Cats lick, scratch and bite themselves for a range of reasons, some of which are benign and some aren't. For instance, your cat may have an itch or he may be grooming himself. A bored cat may lick and scratch himself just to have something to do. An anxious or fearful cat may lick and scratch to soothe himself. Also, a cat suffering from allergies or a health condition may scratch, lick and bite himself.
Cats lick, scratch and bite themselves for several behavioural reasons. For instance, cats lick and scratch to groom themselves. When the behaviour becomes excessive, resulting in dry or hairless patches, the cause may be more serious. Stress, boredom, anxiety or even obsessive-compulsive disorder may be to blame. Cats need stimulation. If you suspect boredom is the cause, try spending a few minutes playing with your cat, or provide him with new, interactive toys.
Flea infestations cause the majority of excessive licking, scratching and biting. If you don't see evidence of fleas -- the bugs or their small, black droppings -- the cause could be another medical condition. Hot spots, skin infections, parasites and immune deficiencies are medical issues that could cause licking and scratching. Also, skin problems like cysts or tumours can become inflamed, causing itchiness, which cats combat by licking, scratching and biting. Check your cat's skin carefully, and schedule an appointment with a veterinarian if you see a spot, rash or bump.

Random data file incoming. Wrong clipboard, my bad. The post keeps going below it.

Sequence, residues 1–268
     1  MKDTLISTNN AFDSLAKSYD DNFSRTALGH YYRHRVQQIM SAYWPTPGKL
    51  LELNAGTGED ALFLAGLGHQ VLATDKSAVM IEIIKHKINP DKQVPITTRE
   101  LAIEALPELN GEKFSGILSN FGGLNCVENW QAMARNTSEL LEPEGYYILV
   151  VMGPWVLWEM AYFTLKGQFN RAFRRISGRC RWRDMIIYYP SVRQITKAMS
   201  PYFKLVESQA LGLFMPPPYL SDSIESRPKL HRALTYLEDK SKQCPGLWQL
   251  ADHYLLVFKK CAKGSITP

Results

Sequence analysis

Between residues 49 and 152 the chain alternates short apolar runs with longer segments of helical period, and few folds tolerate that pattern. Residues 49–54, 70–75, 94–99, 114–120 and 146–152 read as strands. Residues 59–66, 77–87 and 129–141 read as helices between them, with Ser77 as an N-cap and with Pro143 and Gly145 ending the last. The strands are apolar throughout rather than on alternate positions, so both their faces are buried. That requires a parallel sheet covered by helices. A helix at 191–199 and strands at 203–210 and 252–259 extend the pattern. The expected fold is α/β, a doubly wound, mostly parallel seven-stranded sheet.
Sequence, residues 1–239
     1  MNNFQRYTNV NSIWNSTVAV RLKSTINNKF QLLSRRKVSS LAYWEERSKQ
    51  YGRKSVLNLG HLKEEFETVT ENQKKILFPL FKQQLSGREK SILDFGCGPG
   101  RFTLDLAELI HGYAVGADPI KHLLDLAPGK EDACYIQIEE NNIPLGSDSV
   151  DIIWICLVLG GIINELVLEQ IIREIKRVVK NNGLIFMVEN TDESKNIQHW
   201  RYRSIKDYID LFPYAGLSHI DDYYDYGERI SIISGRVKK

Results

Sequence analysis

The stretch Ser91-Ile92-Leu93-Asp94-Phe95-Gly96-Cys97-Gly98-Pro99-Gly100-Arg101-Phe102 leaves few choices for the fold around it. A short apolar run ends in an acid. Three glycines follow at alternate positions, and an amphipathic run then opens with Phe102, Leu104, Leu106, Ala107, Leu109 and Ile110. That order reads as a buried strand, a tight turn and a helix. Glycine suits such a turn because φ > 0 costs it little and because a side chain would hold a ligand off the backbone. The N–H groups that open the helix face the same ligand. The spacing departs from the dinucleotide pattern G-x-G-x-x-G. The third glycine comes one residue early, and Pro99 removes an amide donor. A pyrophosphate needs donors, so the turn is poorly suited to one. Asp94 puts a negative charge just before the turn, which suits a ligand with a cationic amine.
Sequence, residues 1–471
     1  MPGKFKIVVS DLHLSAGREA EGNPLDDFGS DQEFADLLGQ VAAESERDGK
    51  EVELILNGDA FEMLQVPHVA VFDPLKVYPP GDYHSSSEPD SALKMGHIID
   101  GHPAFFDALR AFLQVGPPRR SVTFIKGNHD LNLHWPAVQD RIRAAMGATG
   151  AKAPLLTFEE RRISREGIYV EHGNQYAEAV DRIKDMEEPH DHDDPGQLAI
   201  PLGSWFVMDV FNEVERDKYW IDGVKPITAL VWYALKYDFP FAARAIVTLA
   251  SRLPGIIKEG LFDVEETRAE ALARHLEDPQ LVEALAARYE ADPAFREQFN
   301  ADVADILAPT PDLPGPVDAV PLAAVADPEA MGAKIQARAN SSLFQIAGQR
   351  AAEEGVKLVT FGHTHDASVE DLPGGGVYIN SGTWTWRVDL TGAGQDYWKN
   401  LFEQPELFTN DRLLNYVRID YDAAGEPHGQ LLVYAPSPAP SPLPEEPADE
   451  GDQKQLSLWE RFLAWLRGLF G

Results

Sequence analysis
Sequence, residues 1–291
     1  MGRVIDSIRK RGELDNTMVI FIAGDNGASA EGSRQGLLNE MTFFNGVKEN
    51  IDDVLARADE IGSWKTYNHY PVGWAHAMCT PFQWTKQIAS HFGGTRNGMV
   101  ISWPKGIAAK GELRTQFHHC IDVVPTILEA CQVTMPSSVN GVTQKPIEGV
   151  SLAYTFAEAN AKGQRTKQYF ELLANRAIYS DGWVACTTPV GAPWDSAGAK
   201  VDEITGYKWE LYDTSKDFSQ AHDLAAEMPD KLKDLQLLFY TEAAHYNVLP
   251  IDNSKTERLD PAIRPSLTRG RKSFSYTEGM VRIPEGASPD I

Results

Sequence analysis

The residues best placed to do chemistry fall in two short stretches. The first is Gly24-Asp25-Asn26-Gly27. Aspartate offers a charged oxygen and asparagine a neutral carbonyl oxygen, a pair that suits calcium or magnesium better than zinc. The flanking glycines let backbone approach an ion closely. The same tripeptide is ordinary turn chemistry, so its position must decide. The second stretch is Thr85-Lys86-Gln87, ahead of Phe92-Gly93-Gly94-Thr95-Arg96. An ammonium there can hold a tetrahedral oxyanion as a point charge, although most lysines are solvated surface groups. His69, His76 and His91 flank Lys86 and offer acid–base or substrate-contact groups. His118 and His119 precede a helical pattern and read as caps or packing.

Just like people, cats can experience seasonal and food allergies, all of which will cause your cat to scratch, lick and bite himself excessively. Symptoms of seasonal allergies include infected ears, diarrhoea, bumps and hair loss. Food allergies cause red bumps that can appear on the cat's head, back, tail and feet. With licking, scratching and biting, the lumps can open and become infected. If you spot any of these symptoms, schedule an appointment with a veterinarian to begin an allergy trial or treatment.
Because there are so many causes of excessive licking, scratching and biting in a cat, it's important to see a veterinarian as soon as you notice the problem. In the days leading up to your appointment, take notes on your cat's behaviour. Do you notice it worsening after he eats or after he has been outdoors? Is there a spot on his body that seems to bother him most? Sharing detailed observations can help a veterinarian nail down the cause more effectively.